This chapter provides a survey of recent developments of positive as well as normative theories of city systems. Static theory of city system emphasizes the factors that result in the formation of cities through the interaction between two opposing forces: i) agglomeration economy; ii) agglomeration diseconomy. Furthermore, the theory examines the interaction between cities within the national economy through intercity trade and migration, which shape the internal population composition and industrial structure of cities within the system. New development of this theory has been influenced by industrial organization and economic growth together with the new urban economic paradigm. This chapter focuses on the following questions: What are the factors that lead to the formation of cities? When do cities specialize in production and when do they diversify? When do both specialized cities and diversified cities coexist? What determines the number and sizes of cities of different types in an economy? What are the factors that determine skill distribution and income disparities among different types of cities? What are the impacts of income inequalities on welfare? What are the tax and or subsidy scheme that would result in a Pareto-efficient allocation of resources in a system of cities? Do we need the intervention of federal government in order to achieve a Pareto-efficient allocation of resources in a system of cities? These questions are addressed in a spatial general equilibrium model of a closed economy consisting of a system of monocentric cities.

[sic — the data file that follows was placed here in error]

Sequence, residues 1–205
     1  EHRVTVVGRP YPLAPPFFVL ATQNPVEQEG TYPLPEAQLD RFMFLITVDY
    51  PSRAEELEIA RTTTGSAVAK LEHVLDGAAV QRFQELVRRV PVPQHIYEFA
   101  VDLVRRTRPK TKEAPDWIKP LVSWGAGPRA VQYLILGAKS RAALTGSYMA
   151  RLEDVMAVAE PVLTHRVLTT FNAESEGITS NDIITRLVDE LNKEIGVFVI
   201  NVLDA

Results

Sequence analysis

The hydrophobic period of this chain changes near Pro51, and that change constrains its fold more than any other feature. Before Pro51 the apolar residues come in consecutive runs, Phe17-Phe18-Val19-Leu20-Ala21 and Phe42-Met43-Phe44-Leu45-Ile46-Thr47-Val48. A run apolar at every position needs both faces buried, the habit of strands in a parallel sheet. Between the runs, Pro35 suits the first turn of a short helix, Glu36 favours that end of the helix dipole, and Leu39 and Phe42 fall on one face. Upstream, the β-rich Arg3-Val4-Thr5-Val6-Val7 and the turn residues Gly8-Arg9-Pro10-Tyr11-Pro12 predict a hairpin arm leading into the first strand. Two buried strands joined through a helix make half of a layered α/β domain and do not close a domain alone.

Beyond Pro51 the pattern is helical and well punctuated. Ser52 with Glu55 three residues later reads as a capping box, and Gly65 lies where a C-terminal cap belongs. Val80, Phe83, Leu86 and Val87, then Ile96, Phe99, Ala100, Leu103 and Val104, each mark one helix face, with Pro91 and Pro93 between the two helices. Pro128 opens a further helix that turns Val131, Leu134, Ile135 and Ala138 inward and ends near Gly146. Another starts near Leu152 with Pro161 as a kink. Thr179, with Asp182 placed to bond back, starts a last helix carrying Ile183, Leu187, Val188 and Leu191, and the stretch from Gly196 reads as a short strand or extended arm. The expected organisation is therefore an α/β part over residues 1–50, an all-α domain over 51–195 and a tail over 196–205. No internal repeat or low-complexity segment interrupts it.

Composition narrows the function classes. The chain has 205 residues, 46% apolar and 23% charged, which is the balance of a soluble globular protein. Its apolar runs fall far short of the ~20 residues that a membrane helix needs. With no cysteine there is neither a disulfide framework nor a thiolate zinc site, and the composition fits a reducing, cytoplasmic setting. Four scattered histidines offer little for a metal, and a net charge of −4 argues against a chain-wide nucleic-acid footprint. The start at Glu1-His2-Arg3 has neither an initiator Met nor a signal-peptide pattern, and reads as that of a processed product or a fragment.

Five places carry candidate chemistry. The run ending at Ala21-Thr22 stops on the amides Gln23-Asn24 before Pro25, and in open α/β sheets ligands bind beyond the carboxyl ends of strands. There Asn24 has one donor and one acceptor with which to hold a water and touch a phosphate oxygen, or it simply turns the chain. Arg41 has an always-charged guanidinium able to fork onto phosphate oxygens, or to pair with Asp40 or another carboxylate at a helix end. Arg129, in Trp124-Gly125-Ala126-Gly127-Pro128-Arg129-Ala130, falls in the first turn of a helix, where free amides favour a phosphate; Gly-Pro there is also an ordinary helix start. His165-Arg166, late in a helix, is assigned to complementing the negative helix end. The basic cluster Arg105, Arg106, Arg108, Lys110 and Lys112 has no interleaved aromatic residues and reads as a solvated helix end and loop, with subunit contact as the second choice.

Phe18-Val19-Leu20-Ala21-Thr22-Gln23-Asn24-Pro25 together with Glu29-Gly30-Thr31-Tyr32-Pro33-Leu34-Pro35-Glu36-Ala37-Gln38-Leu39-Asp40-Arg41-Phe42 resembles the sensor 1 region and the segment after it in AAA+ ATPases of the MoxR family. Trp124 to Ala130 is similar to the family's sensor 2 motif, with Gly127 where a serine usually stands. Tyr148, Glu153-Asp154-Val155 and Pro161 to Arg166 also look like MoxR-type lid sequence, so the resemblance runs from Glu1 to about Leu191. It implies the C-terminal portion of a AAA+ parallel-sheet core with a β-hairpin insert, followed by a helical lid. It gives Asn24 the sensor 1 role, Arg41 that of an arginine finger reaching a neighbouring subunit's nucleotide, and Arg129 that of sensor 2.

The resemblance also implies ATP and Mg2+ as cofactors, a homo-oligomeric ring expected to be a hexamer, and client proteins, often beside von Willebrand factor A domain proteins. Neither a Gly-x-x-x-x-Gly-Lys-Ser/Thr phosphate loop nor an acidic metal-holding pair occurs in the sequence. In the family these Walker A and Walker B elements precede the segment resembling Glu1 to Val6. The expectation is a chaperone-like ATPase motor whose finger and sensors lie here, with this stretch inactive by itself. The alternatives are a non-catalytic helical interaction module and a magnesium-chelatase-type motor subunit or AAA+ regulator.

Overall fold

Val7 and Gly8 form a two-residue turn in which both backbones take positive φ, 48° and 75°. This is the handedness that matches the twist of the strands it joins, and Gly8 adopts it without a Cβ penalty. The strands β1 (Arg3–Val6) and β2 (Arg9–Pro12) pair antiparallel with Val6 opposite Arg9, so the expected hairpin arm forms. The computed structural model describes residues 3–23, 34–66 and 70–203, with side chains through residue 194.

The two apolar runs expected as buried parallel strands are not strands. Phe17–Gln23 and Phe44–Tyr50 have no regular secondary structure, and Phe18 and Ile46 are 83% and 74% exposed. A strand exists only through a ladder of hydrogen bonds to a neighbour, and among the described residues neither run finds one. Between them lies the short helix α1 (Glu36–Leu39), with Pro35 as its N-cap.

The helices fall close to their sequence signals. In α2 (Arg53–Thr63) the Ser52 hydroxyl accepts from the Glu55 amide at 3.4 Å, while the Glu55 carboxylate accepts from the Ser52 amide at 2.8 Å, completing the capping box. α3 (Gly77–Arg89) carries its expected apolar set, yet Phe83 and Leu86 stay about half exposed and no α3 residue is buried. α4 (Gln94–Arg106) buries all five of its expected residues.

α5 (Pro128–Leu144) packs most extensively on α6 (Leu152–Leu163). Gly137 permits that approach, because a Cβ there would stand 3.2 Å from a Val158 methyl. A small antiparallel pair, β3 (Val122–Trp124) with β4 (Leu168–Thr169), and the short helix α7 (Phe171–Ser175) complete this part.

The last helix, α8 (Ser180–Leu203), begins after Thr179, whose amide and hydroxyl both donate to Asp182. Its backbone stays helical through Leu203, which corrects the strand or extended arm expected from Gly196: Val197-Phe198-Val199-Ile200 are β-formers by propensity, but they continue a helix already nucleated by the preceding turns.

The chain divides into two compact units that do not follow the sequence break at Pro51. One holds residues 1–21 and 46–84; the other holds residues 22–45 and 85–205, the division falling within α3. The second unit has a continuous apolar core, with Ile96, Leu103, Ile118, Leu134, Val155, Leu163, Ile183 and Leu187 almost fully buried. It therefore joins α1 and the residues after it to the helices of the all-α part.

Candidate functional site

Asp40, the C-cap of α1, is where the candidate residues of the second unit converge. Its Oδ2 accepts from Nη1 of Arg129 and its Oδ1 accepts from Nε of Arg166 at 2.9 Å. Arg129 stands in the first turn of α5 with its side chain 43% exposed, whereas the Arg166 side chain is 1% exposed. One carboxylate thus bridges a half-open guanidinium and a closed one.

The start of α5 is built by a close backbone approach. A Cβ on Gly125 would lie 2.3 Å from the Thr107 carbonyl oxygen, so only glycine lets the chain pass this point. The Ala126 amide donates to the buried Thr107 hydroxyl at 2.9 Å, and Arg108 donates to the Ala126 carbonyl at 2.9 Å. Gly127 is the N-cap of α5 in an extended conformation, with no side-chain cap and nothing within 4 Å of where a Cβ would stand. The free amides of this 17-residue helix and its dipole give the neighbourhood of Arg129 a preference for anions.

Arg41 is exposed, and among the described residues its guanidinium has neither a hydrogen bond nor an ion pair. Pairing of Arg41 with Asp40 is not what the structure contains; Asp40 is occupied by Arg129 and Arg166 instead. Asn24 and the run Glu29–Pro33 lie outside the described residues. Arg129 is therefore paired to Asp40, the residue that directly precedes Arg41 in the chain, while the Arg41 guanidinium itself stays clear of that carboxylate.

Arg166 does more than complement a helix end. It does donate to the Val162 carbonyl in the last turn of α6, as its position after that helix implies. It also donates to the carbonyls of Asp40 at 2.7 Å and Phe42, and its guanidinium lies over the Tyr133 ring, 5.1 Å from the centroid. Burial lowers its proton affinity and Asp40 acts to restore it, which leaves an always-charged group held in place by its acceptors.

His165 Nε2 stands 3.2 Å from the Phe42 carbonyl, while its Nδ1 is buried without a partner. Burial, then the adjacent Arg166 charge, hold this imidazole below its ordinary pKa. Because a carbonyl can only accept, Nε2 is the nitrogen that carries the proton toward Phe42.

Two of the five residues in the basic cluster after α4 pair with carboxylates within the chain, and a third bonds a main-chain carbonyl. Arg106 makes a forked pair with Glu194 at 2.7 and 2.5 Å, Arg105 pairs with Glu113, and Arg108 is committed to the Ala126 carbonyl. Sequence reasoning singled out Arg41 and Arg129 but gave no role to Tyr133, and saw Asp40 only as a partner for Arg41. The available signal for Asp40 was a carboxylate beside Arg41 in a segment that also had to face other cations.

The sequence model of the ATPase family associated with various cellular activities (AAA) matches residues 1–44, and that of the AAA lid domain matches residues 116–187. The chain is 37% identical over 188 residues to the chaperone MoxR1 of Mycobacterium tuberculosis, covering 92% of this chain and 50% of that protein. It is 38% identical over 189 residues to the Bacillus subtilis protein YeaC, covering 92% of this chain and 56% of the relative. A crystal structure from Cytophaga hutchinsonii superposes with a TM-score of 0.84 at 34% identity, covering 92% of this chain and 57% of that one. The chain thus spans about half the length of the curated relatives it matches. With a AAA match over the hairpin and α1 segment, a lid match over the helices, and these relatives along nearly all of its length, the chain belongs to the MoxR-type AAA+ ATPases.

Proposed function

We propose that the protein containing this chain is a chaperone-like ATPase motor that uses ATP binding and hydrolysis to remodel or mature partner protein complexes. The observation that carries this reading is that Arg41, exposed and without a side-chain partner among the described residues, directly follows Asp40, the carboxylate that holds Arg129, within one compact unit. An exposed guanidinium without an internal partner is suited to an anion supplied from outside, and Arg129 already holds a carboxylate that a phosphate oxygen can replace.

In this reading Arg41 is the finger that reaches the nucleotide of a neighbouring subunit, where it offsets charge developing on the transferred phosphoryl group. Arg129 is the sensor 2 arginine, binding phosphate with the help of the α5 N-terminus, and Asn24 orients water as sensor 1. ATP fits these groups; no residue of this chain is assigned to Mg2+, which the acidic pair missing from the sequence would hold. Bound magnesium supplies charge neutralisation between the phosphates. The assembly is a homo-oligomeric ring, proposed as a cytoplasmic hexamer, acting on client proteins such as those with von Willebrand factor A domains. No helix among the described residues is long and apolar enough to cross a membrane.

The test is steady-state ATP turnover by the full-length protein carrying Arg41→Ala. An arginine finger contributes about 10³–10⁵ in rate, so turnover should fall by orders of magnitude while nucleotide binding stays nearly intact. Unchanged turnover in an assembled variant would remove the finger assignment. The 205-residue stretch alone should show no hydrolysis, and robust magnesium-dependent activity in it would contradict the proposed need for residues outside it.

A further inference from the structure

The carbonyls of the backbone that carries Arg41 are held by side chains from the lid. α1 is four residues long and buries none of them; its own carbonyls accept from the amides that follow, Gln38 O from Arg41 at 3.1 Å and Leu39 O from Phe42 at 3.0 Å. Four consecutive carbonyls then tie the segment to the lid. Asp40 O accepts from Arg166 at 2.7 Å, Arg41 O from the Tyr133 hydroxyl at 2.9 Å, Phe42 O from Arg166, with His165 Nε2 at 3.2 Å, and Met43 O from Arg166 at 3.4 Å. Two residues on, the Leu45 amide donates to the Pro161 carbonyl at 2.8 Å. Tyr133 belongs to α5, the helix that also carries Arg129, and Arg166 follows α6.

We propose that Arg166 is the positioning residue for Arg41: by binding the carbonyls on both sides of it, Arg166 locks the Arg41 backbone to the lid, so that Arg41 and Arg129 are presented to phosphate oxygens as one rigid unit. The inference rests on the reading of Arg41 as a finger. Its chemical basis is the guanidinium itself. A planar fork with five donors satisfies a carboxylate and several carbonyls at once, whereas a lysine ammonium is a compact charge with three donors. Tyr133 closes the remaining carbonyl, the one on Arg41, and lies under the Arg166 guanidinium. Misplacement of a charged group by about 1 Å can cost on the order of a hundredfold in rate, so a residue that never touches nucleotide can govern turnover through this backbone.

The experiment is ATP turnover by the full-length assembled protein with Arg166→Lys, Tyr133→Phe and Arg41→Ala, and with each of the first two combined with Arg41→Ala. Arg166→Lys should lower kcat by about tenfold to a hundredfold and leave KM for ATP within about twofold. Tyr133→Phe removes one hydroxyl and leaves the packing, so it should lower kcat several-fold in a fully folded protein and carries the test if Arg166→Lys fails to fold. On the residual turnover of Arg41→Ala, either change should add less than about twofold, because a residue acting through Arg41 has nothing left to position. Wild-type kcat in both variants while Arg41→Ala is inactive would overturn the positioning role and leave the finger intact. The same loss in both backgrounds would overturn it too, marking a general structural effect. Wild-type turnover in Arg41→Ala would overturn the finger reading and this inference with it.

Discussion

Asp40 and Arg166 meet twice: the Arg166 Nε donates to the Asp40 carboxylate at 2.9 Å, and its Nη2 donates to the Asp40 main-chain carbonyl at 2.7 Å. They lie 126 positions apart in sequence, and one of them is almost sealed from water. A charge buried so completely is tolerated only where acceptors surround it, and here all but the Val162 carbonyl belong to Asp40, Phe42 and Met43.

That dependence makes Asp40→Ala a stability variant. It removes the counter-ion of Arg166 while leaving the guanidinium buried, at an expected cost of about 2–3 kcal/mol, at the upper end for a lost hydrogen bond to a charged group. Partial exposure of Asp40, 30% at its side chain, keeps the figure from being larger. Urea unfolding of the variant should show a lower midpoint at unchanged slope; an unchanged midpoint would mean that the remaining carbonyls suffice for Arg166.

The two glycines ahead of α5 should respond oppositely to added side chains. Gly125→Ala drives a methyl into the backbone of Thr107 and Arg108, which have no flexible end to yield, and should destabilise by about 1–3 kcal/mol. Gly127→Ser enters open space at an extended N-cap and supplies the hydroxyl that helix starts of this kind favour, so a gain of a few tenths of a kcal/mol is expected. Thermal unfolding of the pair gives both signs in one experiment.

Abdel-Rahman, Hesham M., "The city network paradigm: new frontiers;" (2003). Department of Economics and Finance Working Papers, 1991-2006. Paper 11.